BellSouth Denies Giving NSA Data
Firm Conducts Review, Says No Contact Was Made
The Wall Street Journal
By Dionne Searcey and Shawn Young
Tuesday, May 16, 2006
BellSouth Corp. yesterday denied turning over bulk
calling records to the National Security Agency, amid uproar
over the alleged role of phone companies in U.S.
The Atlanta-based company also said the agency had never
contacted it to provide massive amounts of information about
domestic calls. A report in USA Today last week said the
company, along with
Verizon Communications Inc. as well as
AT&T Inc. helped the government collect billions of
Company spokesman Jeff Battcher said BellSouth waited until
now to make a statement so it could conduct a thorough
review of all facets of its business, from its long-distance
operation to its accounting department and beyond. The
company found no evidence that it had contracts with the NSA
or had been subpoenaed by the agency, he said.
"Based on our review to date, we have confirmed no such
contract exists, and we have not provided bulk customer
calling records to the NSA," the BellSouth statement said.
"BellSouth has built a successful business because of the
trust that our customers have placed with us. We will
continue to take our obligations to our customers
Both Verizon and AT&T, which has agreed to acquire BellSouth
in a deal that could be complete by the end of the year,
declined to comment. Verizon issued a statement last week
pointing to "factual errors" in media accounts of its
handling of customer data and said the company "does not,
and will not, provide any government agency unfettered
access to our customer records or provide information to the
government under circumstances that would allow a fishing
Joseph Nacchio, the former chief executive of
Qwest Communications International Inc. confirmed in a
statement last week that he had been approached by the NSA
regarding the program in 2001. Mr. Nacchio said he chose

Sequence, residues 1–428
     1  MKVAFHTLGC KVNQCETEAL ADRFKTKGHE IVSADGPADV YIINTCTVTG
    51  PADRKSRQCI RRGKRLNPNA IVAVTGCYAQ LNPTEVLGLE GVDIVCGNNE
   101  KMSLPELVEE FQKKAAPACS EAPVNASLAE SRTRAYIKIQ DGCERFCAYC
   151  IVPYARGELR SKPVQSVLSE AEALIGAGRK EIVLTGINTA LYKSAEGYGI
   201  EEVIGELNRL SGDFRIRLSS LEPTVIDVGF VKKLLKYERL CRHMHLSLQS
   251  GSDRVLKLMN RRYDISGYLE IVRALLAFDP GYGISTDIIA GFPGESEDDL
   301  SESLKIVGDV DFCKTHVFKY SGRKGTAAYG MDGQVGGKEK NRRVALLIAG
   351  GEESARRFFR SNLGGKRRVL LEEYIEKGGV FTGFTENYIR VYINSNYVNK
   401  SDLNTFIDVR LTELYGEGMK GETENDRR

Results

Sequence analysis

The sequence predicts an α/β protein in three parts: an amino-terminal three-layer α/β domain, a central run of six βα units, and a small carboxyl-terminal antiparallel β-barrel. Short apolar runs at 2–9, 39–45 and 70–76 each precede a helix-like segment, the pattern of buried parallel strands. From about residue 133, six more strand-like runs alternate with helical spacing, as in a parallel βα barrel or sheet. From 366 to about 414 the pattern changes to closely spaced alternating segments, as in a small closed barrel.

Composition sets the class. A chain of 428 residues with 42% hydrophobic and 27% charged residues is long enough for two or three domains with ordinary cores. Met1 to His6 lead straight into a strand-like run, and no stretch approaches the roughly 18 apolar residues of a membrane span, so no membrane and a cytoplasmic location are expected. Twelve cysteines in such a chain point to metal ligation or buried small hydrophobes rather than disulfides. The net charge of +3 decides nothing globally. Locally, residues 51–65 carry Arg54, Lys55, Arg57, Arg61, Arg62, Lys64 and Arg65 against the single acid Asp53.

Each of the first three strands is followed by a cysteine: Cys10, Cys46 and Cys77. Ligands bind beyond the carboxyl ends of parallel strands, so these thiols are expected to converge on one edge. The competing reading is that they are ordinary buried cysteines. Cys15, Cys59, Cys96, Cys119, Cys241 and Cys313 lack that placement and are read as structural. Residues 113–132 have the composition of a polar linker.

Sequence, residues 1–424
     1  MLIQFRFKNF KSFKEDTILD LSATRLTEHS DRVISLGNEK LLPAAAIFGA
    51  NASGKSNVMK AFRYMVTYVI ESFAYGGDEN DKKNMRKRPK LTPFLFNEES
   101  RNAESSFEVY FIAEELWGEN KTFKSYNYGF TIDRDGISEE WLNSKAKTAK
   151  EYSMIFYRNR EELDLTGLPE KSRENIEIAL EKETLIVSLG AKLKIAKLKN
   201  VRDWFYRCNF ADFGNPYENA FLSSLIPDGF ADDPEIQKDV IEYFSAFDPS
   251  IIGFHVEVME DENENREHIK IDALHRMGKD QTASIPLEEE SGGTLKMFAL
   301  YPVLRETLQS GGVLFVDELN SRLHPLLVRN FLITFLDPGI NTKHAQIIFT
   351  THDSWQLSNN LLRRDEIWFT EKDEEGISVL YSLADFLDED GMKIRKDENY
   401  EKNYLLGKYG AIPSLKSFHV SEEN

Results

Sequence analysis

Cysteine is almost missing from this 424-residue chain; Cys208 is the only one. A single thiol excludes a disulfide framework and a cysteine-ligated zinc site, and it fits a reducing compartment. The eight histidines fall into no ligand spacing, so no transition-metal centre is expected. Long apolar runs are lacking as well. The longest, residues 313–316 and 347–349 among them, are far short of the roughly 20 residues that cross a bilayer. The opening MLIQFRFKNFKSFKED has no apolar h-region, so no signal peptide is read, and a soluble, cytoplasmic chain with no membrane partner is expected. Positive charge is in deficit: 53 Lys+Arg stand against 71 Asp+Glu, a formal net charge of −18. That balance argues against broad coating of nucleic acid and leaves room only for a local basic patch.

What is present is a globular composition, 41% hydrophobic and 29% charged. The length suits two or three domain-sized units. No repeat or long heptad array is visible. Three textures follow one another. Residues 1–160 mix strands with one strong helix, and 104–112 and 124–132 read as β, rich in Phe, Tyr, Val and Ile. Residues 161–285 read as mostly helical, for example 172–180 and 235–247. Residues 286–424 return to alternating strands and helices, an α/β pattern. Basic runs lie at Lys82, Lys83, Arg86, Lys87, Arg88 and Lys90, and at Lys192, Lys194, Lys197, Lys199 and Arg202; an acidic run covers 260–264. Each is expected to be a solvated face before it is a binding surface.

not to cooperate.
Mr. Battcher said BellSouth's chief executive Duane Ackerman
had never been contacted by the NSA in relation to providing
customer records. Mr. Ackerman is chairman of the National
Security Telecommunications Advisory Committee, which is
made up of communications executives and advises President
Bush on matters of national security and emergency
Reports of the domestic calling record database caused a
public uproar with the companies' customers and civil
libertarian groups raising charges of privacy invasion.
Democrats and Republicans on Capitol Hill demanded
information from the companies. And at least two
potentially multibillion dollar lawsuits were filed based on
similar charges, the most recent one yesterday.
Meanwhile, Verizon and AT&T Inc. seem poised to draw a
distinction between the role of their local-phone operations
and that of the long-distance businesses that they acquired
in recent years, well after the NSA allegedly approached the
long-distance companies, people familiar with the situation
The White House declined to comment. President Bush said
last week that the government doesn't listen to domestic
phone calls without court approval.
---- John McKinnon
contributed to this article.
Write to Dionne Searcey at
email@example.com and Shawn Young at